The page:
The Logic of Practice

Stanford University Press | October 19, 1990 | 333 pages
Our usual representations of the opposition between the "civilized" and the "primitive" derive from willfully ignoring the relationship of distance our social science sets up between the observer and the observed. In fact, the author argues, the relationship between the anthropologist and his... More Info

The Use of Bodies

Stanford University Press | March 16, 2016 | 320 pages
The final volume in "Homo Sacer," Giorgio Agamben's wide-ranging investigation of the foundations of Western politics and culture.  More Info

My Journey at the Nuclear Brink

Stanford University Press | November 11, 2015 | 276 pages
My Journey at the Nuclear Brink is a continuation of William J. Perry's efforts to keep the world safe from a nuclear catastrophe. It tells the story of his coming of age in the nuclear era, his role in trying to shape and contain it, and how his thinking has changed about the threat these weapons... More Info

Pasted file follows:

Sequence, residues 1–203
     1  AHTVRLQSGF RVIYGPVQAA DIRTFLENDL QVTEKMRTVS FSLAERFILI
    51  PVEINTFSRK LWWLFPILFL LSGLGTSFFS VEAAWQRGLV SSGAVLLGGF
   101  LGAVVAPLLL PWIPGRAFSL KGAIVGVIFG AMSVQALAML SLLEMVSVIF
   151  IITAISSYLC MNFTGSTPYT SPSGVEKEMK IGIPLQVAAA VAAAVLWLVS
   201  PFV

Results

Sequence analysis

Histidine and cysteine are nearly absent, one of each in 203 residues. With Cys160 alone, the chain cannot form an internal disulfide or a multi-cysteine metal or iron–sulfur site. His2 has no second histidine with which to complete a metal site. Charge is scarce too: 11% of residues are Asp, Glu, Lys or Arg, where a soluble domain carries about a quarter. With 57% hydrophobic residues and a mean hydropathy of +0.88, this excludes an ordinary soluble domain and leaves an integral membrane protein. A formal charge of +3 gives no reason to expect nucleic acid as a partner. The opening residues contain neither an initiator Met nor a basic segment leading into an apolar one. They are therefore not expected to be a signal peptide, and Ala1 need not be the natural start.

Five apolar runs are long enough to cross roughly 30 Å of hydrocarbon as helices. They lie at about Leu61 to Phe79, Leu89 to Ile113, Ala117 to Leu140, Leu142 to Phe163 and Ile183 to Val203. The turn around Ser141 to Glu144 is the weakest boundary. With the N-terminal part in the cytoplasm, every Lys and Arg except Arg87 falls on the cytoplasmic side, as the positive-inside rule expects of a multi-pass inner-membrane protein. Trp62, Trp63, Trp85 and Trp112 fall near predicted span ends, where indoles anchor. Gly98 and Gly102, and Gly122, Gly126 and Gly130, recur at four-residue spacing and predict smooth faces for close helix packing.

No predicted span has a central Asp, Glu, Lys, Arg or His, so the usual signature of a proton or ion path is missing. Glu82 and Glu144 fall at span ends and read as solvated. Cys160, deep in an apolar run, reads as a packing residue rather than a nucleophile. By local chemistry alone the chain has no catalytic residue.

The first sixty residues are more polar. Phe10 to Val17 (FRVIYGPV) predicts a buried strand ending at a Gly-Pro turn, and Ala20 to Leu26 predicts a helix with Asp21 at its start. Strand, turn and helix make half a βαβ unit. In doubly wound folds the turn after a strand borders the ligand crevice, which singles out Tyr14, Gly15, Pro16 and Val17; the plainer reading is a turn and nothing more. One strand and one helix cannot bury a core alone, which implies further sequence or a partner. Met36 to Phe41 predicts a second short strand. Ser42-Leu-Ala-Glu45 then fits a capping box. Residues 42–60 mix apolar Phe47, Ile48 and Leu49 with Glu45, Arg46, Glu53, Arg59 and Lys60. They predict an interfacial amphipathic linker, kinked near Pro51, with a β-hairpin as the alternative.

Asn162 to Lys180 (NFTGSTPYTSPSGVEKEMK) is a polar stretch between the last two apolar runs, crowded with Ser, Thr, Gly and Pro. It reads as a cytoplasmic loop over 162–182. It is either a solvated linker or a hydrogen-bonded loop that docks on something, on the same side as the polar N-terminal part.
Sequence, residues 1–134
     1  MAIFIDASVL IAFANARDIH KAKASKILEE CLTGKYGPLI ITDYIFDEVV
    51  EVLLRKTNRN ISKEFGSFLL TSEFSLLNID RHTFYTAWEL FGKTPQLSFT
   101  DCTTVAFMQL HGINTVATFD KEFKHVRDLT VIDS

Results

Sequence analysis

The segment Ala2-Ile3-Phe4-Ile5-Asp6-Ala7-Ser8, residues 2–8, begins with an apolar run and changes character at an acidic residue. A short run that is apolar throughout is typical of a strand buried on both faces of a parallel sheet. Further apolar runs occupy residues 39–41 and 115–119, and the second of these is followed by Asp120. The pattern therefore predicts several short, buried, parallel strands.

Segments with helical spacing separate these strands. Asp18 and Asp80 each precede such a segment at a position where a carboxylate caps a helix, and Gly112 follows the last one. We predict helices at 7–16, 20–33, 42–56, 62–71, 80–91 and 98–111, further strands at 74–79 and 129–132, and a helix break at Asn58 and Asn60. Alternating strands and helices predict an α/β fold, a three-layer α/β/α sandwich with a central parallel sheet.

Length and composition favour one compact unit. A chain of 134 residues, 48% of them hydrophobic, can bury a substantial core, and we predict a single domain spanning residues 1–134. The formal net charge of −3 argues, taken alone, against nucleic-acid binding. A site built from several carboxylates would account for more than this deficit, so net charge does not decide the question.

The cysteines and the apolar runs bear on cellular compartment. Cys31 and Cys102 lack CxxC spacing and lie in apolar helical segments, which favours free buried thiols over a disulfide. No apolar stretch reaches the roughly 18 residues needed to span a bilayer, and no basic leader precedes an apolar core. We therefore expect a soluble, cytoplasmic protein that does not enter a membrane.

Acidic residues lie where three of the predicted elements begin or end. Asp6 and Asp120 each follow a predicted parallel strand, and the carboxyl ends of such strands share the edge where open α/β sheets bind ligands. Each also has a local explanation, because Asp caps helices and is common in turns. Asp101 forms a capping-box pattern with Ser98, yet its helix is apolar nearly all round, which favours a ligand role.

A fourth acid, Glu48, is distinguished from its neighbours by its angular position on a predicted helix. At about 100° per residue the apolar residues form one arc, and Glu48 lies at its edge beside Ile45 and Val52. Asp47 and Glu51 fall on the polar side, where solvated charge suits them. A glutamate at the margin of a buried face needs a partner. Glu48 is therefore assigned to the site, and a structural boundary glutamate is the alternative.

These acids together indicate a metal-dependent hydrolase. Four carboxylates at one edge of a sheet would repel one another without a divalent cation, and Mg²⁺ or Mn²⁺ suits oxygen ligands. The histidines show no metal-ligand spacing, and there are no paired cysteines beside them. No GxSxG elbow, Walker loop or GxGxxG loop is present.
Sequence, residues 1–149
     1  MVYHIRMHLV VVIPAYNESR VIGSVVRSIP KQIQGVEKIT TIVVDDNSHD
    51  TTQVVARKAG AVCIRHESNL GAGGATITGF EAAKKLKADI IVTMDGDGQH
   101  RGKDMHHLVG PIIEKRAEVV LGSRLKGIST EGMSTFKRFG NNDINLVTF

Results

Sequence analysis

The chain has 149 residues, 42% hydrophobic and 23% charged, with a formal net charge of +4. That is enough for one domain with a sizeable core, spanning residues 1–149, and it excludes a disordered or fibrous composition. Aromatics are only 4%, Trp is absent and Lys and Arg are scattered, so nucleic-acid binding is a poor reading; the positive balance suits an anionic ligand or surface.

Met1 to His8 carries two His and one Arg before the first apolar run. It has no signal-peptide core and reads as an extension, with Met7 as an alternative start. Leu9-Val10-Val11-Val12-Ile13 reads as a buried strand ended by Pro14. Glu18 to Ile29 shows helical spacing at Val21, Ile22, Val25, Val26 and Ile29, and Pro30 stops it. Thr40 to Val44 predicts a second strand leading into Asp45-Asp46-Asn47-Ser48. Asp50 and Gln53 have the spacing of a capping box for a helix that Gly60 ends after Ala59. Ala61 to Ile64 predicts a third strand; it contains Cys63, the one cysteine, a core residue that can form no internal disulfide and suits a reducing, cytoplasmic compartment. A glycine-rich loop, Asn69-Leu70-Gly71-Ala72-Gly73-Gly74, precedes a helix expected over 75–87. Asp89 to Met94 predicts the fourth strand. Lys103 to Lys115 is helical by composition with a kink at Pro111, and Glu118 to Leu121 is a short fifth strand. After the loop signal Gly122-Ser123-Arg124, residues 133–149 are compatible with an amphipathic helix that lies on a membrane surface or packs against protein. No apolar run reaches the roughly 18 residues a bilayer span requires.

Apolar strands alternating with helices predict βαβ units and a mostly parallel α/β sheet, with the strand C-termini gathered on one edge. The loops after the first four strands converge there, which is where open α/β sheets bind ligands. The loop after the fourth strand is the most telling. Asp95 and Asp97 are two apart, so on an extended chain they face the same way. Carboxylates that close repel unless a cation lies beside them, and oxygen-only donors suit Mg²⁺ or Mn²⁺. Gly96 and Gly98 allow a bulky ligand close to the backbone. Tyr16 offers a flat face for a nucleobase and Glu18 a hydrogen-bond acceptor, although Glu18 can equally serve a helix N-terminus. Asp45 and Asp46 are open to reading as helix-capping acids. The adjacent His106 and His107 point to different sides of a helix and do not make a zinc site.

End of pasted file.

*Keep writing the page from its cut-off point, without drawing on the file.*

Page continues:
State Phobia and Civil Society

Stanford University Press | January 6, 2016 | 208 pages
The book evaluates Michel Foucault's thought on the state and how it has shaped the widespread and dogmatic anti-statist thinking in the humanities, social sciences, public policy and governance.  More Info

Settlers in Contested Lands

Stanford University Press | October 14, 2015 | 264 pages
Settlers feature in many protracted territorial disputes and ethnic conflicts around the world. Explaining the dynamics of the politics of settlers in contested territories in several contemporary cases, this book illuminates how settler-related conflicts emerge, evolve, and are significantly more... More Info
$33.50

State Failure in the Modern World

Stanford University Press | December 16, 2015 | 168 pages
State failure is seen as one of the significant threats to regional and international stability in the current international system. State Failure in the Modern World presents a comprehensive, systematic, and empirically rigorous analysis of the full range of the state failure process in the... More Info

Dwelling in Conflict

Stanford University Press | February 10, 2016 | 261 pages